When I run a webinar, I do not wish to send out the exact same email to every individual on my list. I want to send them the proper email for their level of engagement – Switching From Drip To Active Campaign. Switching From Drip To Active Campaign. Here’s the automation I use to promote an evergreen webinar: First it confirms that they have not already bought the product I pitch in the webinar.

Switching From Drip To Active Campaign

Then it sends a series of emails to get them thinking about the webinar, and to encourage them to register. If they register, they instantly struck the “Objective” toward the end of the webinar, and the automation ends. If they do not register, they get included to an automation promoting a rebroadcast of the webinar. Switching From Drip To Active Campaign.

This allows me to tailor my messaging, in other automations, based upon the contact’s engagement with the webinar. Here’s the WebinarJam combination panel: I can add tags based upon whether the contact signed up, participated in, missed out on, or based upon how long they remained in the webinar. These tags can then trigger automations within ActiveCampaign.

It costs me cash, and it makes it more most likely that my emails go to spam or Gmail’s promotions tab. People who do not open my e-mails make it harder for other emails to get to individuals who actually want them! The “Pro” plan of ActiveCampaign has actually lead scoring built in.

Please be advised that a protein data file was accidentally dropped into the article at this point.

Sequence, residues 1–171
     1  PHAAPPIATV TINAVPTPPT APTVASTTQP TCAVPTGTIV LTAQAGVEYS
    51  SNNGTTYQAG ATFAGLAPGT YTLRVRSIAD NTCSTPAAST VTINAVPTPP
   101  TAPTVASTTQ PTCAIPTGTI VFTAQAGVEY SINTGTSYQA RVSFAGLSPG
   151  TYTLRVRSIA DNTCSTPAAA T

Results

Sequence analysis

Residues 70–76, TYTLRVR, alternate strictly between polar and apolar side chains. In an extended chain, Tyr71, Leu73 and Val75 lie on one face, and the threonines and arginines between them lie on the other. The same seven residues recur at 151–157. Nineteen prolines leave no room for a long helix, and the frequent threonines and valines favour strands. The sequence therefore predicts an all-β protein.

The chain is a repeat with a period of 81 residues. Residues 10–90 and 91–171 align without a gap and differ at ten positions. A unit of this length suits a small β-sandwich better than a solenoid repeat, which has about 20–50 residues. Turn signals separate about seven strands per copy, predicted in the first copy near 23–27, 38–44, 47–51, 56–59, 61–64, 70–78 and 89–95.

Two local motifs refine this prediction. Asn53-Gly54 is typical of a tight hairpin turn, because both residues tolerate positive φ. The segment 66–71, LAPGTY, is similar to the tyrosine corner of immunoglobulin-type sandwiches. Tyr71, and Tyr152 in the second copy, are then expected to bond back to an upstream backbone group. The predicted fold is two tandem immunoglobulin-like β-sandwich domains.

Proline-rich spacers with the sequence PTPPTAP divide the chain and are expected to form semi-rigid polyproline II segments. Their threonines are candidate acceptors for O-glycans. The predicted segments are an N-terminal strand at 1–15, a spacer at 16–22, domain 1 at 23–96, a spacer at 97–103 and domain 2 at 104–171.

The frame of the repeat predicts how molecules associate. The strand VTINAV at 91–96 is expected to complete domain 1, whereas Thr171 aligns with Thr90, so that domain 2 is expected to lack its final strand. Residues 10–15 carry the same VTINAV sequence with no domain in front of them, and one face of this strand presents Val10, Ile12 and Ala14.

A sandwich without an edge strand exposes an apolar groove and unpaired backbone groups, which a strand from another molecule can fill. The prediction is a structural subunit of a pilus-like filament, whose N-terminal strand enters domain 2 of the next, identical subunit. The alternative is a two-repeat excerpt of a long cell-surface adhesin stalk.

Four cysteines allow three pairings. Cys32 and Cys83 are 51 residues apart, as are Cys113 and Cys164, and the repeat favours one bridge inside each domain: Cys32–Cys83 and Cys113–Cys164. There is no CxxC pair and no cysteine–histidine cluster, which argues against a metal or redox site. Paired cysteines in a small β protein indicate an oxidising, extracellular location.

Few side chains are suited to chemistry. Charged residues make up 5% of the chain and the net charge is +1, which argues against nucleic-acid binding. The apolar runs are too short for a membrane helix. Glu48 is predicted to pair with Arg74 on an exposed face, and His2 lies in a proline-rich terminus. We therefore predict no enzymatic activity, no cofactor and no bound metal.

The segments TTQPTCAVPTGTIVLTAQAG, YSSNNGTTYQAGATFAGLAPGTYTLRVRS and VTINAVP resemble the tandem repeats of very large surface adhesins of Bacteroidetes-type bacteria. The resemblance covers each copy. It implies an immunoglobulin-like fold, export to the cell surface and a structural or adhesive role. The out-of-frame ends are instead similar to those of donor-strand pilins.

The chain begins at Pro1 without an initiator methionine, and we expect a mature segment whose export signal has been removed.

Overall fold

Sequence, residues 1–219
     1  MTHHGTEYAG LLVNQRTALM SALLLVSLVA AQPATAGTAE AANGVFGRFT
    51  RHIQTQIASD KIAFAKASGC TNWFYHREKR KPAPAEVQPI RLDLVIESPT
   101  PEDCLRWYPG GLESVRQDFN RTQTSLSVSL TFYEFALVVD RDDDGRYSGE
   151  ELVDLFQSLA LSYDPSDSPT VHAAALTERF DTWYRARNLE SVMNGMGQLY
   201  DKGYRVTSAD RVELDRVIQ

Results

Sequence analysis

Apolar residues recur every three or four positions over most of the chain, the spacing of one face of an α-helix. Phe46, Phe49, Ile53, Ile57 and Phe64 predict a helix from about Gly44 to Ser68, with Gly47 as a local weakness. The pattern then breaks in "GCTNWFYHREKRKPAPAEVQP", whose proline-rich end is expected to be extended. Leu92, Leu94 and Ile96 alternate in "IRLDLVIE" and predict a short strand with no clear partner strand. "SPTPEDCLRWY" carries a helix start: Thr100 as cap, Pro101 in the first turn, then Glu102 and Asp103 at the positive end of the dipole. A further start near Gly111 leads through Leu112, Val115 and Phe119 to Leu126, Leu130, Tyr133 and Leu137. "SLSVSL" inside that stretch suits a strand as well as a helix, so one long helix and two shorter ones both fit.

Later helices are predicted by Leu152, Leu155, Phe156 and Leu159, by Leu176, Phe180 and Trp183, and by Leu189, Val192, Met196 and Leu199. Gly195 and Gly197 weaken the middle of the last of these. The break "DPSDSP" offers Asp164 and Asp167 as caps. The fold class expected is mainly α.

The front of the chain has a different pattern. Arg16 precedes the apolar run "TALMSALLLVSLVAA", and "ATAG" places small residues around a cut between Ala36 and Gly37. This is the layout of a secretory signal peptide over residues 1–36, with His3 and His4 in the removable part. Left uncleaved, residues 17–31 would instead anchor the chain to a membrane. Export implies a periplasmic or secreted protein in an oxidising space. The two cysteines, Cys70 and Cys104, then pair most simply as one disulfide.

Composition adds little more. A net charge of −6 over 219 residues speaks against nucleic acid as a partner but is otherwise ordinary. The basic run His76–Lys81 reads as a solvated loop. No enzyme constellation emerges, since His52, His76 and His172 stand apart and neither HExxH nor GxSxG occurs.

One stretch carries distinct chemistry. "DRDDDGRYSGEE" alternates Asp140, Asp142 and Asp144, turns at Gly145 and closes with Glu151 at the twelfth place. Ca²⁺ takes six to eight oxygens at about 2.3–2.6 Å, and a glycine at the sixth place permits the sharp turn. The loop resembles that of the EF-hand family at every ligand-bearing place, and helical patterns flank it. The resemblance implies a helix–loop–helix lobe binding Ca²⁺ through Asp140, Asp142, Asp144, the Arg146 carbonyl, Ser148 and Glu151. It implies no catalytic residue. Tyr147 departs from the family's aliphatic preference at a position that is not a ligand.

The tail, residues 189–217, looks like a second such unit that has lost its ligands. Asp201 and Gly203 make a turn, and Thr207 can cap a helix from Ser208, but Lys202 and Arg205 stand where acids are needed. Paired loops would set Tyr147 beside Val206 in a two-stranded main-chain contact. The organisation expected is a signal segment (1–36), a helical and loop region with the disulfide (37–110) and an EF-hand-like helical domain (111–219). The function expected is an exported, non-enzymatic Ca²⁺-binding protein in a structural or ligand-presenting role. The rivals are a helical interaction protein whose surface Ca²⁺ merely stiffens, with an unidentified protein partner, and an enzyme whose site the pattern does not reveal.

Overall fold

Switching From Drip To Active Campaign

Here’s an automation I obtained from ActiveCampaign’s library of automations, which I utilize to inform which contacts aren’t engaging with my emails. When a contact subscribes, this automation includes a “0 days” tag. As time passes, it includes new tags for 7 days, 1 month, 60 days, etc Each time they open an e-mail, a different automation removes them from this automation, gets rid of all of those tags, and starts this automation over again.

This automation can be frustrating initially, and this is one of those cases where I want ActiveCampaign had a more out-of-the-box option. However, due to the fact that you can do anything with ActiveCampaign, in some cases you need to build things from scratch. ActiveCampaign has an option to delete inactive subscribers, which I don’t recommend.

Some subscribers do not have actually tracking switched on, so their opens aren’t recorded. Others still wish to be subscribed but have actually been busy. Here’s my reactivation sequence: I send one email asking if they still wish to be subscribed, and briefly describing why I keep my email list tidy. In one week, I send them another e-mail (if they currently clicked on the verification link in the previous e-mail, they’ve currently been gotten rid of from the automation utilizing a separate automation) – Switching From Drip To Active Campaign.

Switching From Drip To Active Campaign

Switching From Drip To Active CampaignSwitching From Drip To Active Campaign

The automation then unsubscribes them. My emails also have a link to a type where they can enter their e-mail address to let me know that they don’t have tracking enabled. This kind adds a tag that I use to filter those contacts out. Switching From Drip To Active Campaign. I utilized to include this tag when they clicked a link, but when people don’t have tracking on, it makes those links not work so dependably! I only send a basic “do you still want my e-mails?” verification.